Built for the municipality of Völs, the cafe and changing block replaced a small hut next to the lake, which is a popular destination for swimming in the summer months and ice skating in the winter.
The new swimming hut's form was directly informed by this previous building, with its materials chosen to respect and complement its scenic setting.
"Before our intervention on the site, an old hut was demolished," said Andrea Dal Negro, architect at Network of Architecture.
"We kept the formal imprint of the pitched roof as dominant architectural element, to create a continuum with the historical cafe and the new one," he told Dezeen.
"The concept ethos was to minimise the architecture impact of a new building in this incredible surrounding, using shapes and materials related to this specific context and harmonising the coexistence of nature and man."
Each of the swimming hut's functions is contained in a separate volume, with the cafe built with a pitched roof that frames views across the lake.
The cafe's roof extends to shelter a walk-up hatch and an area for seating, which extends towards the lake.
Connected to the cafe, the changing facilities are aligned parallel to the lake in a flat-roofed block that has a visible exterior timber fame.
Network of Architecture designed the compact buildings so that they would be viewed from the path that surrounds the lake, but not dominate the surroundings.
"Thanks to the orientation of the new volumes, the views on the hut changes along the lake-walk, sometimes revealing and sometimes hiding parts of the building that merges with the surroundings," said Dal Negro.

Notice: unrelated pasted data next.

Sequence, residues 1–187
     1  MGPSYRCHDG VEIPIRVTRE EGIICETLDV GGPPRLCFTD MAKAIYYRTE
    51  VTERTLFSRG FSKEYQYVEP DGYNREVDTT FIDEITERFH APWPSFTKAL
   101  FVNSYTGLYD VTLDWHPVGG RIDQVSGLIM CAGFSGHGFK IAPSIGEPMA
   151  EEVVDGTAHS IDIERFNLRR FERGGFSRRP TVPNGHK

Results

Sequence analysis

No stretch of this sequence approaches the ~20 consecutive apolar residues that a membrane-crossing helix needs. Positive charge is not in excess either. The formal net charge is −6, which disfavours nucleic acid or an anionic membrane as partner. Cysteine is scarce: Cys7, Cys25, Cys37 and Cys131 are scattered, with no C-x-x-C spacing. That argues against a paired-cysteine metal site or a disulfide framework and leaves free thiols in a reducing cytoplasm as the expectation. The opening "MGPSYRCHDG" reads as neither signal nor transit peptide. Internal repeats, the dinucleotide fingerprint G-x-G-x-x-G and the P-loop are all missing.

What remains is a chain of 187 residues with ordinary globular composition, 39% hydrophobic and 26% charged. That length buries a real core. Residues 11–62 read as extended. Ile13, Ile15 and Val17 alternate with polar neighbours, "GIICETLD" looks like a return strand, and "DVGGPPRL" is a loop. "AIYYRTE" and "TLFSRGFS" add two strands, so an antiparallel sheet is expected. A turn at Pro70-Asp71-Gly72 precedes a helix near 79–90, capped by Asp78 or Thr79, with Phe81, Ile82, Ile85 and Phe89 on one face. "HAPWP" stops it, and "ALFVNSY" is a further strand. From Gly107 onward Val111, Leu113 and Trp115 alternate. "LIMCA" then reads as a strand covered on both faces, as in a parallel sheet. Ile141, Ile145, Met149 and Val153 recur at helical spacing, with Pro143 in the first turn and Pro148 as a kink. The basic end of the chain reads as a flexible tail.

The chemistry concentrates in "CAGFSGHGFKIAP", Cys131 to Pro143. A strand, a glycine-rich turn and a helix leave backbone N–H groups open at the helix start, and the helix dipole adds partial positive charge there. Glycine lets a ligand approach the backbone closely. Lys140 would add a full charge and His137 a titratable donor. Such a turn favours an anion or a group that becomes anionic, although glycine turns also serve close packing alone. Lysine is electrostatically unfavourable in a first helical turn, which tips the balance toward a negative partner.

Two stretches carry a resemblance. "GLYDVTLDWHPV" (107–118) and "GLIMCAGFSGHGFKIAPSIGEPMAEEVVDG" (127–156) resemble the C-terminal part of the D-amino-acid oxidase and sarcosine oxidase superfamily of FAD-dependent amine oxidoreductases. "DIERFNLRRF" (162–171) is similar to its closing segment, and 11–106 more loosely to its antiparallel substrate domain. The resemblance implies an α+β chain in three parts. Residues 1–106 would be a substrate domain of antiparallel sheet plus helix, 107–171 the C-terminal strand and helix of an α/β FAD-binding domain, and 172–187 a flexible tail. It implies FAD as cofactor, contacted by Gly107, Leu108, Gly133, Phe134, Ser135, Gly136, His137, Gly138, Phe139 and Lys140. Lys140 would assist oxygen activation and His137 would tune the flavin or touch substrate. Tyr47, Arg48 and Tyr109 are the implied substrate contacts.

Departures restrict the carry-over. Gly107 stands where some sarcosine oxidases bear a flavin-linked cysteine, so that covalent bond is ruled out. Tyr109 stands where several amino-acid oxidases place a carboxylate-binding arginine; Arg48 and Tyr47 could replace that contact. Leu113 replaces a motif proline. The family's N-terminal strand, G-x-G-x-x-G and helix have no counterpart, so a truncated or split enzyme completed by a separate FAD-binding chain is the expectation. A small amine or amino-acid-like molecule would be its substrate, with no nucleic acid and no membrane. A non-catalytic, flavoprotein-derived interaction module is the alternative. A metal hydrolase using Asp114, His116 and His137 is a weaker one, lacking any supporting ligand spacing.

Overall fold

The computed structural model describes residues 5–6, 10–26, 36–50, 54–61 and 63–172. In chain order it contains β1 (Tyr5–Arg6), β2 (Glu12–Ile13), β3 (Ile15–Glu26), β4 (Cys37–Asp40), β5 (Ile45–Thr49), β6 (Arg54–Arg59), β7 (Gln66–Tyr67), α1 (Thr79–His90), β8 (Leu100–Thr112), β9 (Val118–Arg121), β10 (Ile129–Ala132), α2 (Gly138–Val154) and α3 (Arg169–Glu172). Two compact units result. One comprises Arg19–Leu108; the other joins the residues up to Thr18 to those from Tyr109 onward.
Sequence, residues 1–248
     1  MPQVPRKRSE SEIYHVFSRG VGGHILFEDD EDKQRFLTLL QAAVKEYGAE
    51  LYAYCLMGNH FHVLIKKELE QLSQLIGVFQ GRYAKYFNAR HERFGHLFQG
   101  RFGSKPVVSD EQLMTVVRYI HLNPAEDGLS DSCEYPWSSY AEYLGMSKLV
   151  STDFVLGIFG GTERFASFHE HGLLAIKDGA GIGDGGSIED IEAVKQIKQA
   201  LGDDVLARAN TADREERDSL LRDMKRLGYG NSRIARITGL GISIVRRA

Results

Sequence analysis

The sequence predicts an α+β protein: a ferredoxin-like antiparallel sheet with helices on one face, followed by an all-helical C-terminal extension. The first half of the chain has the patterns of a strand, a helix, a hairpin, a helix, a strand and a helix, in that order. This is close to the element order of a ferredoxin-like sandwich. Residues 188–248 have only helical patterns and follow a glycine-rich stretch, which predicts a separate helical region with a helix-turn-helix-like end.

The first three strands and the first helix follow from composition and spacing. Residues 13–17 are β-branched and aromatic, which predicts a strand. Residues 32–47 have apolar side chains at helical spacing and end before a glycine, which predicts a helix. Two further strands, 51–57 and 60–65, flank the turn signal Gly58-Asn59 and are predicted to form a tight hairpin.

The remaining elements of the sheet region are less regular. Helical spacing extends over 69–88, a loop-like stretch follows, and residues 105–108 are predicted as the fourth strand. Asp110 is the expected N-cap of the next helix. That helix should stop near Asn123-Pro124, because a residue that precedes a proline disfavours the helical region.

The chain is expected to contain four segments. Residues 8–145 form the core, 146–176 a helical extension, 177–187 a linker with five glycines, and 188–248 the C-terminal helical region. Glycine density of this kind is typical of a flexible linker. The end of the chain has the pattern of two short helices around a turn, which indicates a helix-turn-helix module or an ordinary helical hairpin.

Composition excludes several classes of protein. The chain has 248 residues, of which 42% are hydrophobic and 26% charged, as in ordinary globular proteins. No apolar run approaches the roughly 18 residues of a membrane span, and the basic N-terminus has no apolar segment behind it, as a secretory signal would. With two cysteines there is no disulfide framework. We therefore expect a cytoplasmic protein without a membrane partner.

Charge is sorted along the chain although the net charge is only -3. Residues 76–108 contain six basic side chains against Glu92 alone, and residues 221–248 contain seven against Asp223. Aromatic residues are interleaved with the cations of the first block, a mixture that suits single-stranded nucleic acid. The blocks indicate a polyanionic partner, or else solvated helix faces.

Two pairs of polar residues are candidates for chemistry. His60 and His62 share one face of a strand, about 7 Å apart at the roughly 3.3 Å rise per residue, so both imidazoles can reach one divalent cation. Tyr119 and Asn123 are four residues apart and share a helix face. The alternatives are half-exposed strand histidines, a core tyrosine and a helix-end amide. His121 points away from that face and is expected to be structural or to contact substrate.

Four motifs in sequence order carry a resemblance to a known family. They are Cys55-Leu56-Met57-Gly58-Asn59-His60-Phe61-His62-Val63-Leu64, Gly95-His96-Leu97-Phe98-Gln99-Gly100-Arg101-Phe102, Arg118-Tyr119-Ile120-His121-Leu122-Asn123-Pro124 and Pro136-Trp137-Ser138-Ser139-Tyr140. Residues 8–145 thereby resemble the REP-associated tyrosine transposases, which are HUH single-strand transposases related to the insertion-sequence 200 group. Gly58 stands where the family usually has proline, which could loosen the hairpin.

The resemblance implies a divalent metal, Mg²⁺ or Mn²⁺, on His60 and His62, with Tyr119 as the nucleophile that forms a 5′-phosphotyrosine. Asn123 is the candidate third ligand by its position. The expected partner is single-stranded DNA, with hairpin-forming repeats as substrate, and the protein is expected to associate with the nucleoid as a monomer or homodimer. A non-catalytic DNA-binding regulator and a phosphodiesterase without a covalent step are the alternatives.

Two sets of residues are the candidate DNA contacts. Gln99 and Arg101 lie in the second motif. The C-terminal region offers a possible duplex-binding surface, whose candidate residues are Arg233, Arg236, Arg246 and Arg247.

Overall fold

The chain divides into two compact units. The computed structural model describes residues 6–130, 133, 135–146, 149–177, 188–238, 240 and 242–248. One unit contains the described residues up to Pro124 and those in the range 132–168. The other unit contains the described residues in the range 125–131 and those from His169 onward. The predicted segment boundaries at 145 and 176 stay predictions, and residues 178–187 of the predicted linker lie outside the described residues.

"Developed on a single floor, the hut reduces its volumetric impact leaving room for the majestic theatricality of the background. Furthermore, the reflection on the water surface creates a formal continuum between the hut and its mirrored half."
The building has a wooden frame and is clad with larch, which will age and grey over time. The larch fame of the changing block is designed to support climbing plants including jasmine, to make it merge into the forest.
"We like to work with local materials and larch is one of the most present elements," explained Dal Negro.
"The facade will age together with the surroundings, slowly changing from its beige-orange colour to more natural grey shades," he continued.
"The building is 'lived' by the guests of the cafe and the pier, while it's visible in its entireness from the distance on the walk around the lake, it's perceived as part of the surrounding larch-forest."
Founded by architects Lukas Rungger and Stefan Rier, Network of Architecture has offices in Bolzano and Berlin.
The studio's previous work in South Tyrol includes a cluster of cosy wooden chalets at an historic Alpine retreat and a glass-bottomed, cantilevered swimming pool in the Dolomites.
Photography is by Alex Filz.